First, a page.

Is it the salad itself or the dressing used and the way it is presented that makes the dish more appealing? The analogy, and the answer, are apt when it comes to discussing a resume as well.
The perfect resume must excel in both content and format. Spruce your resume with these simple, effective tips and you will definitely get those interview calls.
What a resume is not
~ It is not a biography.
~ It is not a statement of purpose listing your short-term and long-term goals.
~ It should not just be a long list of landmarks in your professional career.
Think from a recruiter's point of view
I have had to plough through hundreds of resumes for a handful of posts. The ones that stood out, as far as I was concerned, were concise, yet readable.
Your potential employer may not have enough time on his or her hands to read a 10-page masterpiece, so ensure your resume does not extend beyond a couple of pages. Leading newspapers have realised not all their readers have the time to read each and every article, which is why you see the present trend of using summary boxes for long-winded articles.
When you draft your resume, think from a recruiter's point of view. Provide information that a prospective employer needs to know and not the kind of information you want him/ her to read.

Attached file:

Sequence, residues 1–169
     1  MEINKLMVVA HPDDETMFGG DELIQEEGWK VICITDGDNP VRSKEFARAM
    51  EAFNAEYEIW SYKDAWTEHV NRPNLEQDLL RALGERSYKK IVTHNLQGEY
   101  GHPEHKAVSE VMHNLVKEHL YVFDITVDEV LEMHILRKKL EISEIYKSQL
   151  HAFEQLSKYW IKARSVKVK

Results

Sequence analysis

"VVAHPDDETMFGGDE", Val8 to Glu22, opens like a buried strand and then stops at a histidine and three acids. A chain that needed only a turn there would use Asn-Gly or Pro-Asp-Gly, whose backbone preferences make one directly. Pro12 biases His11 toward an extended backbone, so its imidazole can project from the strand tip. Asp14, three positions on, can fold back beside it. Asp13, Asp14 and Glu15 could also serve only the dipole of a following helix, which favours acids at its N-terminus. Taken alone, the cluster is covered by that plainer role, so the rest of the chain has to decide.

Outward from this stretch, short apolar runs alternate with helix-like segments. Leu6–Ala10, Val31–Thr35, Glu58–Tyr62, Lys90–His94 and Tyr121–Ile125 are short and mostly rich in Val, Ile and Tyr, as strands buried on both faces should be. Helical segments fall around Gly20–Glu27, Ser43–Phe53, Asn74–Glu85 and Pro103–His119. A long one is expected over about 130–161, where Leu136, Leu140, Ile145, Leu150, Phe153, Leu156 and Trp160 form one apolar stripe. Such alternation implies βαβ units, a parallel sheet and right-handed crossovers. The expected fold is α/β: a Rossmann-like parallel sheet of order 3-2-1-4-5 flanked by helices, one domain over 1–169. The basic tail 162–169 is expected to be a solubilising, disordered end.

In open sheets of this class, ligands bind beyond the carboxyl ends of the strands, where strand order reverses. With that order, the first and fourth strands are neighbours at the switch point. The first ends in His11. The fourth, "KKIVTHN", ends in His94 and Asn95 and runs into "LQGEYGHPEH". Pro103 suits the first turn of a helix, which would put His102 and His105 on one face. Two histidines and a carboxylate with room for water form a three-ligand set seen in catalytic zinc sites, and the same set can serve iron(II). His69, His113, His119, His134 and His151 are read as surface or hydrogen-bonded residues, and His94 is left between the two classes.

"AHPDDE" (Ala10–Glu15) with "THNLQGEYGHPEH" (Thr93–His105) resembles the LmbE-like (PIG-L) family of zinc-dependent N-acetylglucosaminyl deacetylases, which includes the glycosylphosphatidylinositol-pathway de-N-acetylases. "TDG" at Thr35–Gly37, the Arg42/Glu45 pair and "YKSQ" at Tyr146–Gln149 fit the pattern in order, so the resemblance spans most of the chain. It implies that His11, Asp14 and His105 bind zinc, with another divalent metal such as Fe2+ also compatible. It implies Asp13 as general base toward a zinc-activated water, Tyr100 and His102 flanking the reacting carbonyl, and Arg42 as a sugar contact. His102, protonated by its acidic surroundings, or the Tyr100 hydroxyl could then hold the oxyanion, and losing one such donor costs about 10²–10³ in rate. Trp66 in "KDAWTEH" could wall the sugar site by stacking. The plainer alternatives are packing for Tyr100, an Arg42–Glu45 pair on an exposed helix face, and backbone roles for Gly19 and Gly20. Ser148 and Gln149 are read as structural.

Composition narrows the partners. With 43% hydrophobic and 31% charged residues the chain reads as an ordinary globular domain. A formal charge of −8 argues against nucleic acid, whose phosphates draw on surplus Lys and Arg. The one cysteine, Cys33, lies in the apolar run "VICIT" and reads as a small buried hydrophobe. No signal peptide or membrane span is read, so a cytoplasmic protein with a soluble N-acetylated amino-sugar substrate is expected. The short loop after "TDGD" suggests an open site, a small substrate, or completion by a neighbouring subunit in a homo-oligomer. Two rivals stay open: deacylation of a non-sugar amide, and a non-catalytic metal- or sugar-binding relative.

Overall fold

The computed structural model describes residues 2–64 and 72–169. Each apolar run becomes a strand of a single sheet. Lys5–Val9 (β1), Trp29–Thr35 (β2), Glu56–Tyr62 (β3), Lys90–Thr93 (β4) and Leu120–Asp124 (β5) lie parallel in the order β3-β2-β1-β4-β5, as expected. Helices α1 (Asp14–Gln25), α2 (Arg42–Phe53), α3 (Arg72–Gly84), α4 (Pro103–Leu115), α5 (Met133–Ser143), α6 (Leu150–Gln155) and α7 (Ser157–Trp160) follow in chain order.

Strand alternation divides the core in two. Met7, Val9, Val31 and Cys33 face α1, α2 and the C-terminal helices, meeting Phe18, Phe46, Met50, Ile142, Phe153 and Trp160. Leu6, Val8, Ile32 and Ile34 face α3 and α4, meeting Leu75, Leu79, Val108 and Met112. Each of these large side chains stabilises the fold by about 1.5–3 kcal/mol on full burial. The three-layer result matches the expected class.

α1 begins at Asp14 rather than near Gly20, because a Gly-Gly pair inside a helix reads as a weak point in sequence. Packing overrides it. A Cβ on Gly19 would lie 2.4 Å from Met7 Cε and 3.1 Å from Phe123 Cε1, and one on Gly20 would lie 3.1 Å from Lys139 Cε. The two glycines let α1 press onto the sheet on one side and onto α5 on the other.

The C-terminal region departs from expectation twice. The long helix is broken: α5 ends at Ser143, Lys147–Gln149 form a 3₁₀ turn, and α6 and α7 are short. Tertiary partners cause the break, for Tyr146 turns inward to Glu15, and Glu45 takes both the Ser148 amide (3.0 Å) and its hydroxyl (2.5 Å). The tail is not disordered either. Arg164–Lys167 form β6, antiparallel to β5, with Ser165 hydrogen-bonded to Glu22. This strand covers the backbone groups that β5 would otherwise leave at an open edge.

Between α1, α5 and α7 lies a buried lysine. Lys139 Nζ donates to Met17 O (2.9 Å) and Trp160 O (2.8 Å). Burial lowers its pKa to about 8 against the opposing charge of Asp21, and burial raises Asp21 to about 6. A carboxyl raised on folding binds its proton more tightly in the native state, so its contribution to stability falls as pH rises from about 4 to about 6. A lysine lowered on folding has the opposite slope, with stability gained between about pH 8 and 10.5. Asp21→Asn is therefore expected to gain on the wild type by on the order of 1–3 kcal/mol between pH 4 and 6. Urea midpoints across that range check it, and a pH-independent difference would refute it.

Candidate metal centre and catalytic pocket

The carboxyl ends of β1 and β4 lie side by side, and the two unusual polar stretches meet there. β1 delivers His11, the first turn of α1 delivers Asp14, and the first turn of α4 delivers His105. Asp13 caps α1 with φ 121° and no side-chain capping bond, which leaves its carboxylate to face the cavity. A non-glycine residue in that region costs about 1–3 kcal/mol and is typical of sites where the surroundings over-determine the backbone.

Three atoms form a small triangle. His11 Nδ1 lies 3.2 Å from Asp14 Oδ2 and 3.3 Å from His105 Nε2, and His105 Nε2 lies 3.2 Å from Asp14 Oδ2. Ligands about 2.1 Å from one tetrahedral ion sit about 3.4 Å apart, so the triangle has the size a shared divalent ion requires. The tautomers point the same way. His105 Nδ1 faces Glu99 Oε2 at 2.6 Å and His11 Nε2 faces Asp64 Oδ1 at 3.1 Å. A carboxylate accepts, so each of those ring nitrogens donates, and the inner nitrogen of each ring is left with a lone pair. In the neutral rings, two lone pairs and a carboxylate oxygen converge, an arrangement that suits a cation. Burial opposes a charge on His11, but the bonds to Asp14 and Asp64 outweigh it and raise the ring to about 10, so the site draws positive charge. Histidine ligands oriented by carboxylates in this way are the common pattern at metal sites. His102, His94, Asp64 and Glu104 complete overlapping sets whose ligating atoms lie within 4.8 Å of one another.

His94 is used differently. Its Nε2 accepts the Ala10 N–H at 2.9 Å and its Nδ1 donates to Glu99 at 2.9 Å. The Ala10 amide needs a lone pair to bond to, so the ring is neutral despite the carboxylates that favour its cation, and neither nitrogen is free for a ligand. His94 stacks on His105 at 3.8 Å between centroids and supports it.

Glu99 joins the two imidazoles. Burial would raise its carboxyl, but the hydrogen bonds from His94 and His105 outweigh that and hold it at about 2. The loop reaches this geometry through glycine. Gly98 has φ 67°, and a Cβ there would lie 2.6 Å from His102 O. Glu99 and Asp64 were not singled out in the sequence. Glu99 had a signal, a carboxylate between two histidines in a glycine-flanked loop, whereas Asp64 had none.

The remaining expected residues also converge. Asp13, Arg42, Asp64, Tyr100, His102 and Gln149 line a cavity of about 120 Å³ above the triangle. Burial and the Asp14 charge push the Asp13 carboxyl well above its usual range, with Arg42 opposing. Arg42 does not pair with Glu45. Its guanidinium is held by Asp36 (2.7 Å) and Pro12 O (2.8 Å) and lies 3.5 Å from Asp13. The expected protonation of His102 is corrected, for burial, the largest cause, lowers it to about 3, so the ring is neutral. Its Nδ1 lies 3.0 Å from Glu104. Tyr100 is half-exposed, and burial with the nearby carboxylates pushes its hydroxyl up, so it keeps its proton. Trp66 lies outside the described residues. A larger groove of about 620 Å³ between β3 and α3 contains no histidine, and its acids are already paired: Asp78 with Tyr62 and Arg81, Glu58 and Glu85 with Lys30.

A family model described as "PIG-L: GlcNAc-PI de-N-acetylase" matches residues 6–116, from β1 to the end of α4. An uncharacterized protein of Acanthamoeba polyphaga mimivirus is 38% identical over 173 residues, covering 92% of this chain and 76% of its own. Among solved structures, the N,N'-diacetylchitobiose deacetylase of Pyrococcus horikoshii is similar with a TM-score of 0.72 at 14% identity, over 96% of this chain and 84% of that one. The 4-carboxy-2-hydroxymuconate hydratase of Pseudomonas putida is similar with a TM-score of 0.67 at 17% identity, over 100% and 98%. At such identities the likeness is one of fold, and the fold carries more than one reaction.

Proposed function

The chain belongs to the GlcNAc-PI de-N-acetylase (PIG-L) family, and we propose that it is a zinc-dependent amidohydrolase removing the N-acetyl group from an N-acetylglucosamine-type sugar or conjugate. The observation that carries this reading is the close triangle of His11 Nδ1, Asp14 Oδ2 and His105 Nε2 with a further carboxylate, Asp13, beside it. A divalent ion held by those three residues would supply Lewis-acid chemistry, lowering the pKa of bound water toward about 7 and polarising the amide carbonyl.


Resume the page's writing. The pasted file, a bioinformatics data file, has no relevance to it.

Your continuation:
An oft-quoted line amongst book critics is that Bill Clinton's autobiography, My Life, was a 1,000-page book that had everything in it except what people really wanted to know. Keep this in mind when you are drafting your resume.
The purpose of a resume
A resume or curriculum vitae is a window to you, your personality and your skill sets. Its raison d'etre is to convince a recruiter that you deserve to be called for an interview. It should present you in the best possible light and convince a prospective employer that you can add value to the company.
It should tantalise enough to make an employer pick up the phone and dial your number. Your resume should not simply inform; it should also excite a would-be employer.
The resume can also act as a sample of your skills. If done well, it can show how you can organise a large amount of data in a few words. It can also showcase your skills if you plan to opt for a career in designing, advertising or copywriting.
Here are points you must definitely include:
i. Experience in your profession
Give valuable insights; for example, if you are in the advertising industry, you could mention the big players and important names you have worked with.
ii. Skills gained in the field
Apart from skills you are expected to gain in your field of work, do highlight skills you may have picked up as extras. For example, if you are a teacher, your expected skills would include your command over the language concerned, the ability to handle students and your knowledge about the subject concerned.
However, if you are also involved in organising workshops for teachers, you can also mention your ability to organise events and liaison effectively.
iii. General skills